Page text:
The Speedmaster “From the Moon to Mars” reminds us of the next great space frontier. This model was released in 2004 and in production until 2008. Its defining characteristics are the images printed on the three chronograph subdials: the earth at 9 o’clock, the moon at 6 o’clock, and Mars at 3 o’clock.

This model is the only Speedmaster ever produced that features three distinct subdials. While it’s not a limited edition, it is a numbered edition, with the production number of each example engraved on the caseback. The words “From the Moon to Mars” are also inscribed on both the dial and caseback.

Speedmaster “Eyes on the Stars”

Reference: 3578.51.00

At this point, everyone knows about the Speedmaster Silver Snoopy – in fact I mentioned it at the beginning of this article when referencing the most expensive Speedmasters.

However, the Silver Snoopy is in fact not the first Speedmaster to feature Snoopy on the dial. Instead, that honor goes to this model: the “Eyes on the Stars.” Released in 2003 as a limited edition, this watch celebrates Omega’s role in the successful recovery of the Apollo 13 mission, and their receipt of the Silver Snoopy Award in 1970.

Omega’s Silver Snoopy Award

Check out this Hodinkee article for an in-depth look at how Snoopy ended up on the Speedmaster.

Interest in the “Eyes on the Stars” Speedmaster has been revitalized in recent years, as collectors search for the “next best thing” after the unattainably priced Silver Snoopy. The “Eyes on the Stars” Speedmaster is not traded very often, despite 5,441 pieces being produced. The current market average looks to be in the low-to-mid $10,0000 range.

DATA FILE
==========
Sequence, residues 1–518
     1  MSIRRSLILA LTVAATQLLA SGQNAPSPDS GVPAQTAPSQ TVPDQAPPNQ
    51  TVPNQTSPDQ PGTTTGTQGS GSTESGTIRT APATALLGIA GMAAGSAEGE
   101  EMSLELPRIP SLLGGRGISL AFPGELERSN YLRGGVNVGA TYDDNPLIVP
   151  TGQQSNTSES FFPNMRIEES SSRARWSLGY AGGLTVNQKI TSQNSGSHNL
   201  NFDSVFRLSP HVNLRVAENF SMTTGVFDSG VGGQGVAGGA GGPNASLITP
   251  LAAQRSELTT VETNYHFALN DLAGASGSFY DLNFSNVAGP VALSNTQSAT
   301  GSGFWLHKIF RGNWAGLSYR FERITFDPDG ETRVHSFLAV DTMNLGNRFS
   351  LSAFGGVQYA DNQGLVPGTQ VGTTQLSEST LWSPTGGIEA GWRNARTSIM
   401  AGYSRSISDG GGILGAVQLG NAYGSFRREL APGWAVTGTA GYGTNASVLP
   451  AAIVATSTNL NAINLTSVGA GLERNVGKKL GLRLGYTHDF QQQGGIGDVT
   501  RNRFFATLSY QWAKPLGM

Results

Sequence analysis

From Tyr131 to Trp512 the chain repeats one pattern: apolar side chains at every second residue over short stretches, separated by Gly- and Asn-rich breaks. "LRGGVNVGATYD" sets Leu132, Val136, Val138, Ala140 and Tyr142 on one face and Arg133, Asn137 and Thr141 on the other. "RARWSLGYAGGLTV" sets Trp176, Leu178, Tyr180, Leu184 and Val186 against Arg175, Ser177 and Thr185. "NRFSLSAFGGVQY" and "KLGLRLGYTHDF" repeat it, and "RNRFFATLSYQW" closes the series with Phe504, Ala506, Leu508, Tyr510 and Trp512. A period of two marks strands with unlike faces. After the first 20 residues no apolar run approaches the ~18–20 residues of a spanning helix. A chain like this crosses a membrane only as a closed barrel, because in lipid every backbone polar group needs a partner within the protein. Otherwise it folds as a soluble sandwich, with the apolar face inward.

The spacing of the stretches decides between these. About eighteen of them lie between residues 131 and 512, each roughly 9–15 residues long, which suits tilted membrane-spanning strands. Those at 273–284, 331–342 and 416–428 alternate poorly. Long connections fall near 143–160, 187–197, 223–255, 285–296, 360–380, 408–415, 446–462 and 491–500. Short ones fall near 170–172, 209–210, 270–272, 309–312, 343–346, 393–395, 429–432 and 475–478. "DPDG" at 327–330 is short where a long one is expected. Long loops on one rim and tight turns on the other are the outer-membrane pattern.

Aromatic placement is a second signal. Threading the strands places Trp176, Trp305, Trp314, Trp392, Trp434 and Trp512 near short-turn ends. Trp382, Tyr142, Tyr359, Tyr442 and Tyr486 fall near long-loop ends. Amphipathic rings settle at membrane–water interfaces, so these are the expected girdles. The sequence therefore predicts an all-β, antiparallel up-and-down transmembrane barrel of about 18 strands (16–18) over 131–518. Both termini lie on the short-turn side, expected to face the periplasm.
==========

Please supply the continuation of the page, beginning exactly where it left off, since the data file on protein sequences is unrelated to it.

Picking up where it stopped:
Speedmaster Reduced “Michael Schumacher”

Reference: 3510.61.00

It wouldn’t be fair to end this list without mentioning a Speedy Reduced! While the Reduced doesn’t get as much attention or love as the Professional, it is more practical (featuring automatic winding), wearable, and generally more affordable.

The Speedmaster Reduced “Michael Schumacher” actually refers to a collection of three watches made to commemorate the career of the most successful Formula 1 driver of all time. These watches were available in red, yellow, and blue dial variations, and came with a presentation box made to look like a Formula 1 car tire bearing Schumacher’s signature.

The red dial version is my favorite of the three, and actually a piece in my personal collection. Like the Submariner Hulk, it’s a flashier but still familiar version of an iconic design. Unlike the Hulk, it’s not much more expensive than your typical black dial Speedy Reduced.

Conclusion

There seems to be an upwards trend of Speedmaster prices across the board in recent years. We’ve seen it with most of the models in this list, and even your run-of-the-mill Speedmaster Reduced reference 3510.50 has appreciated about 25% in the past year – with prices increasing from an average of $1,600 to $2,000.

However, that doesn’t mean there aren’t still great deals to be had. Just a few weeks ago, I discovered the reference 3576.50, a surprisingly affordable Speedmaster with a rare moonphase complication. One of these watches recently sold for the equivalent of just over $2,000.

What are your underrated Speedmaster picks? Let me know in the comments below!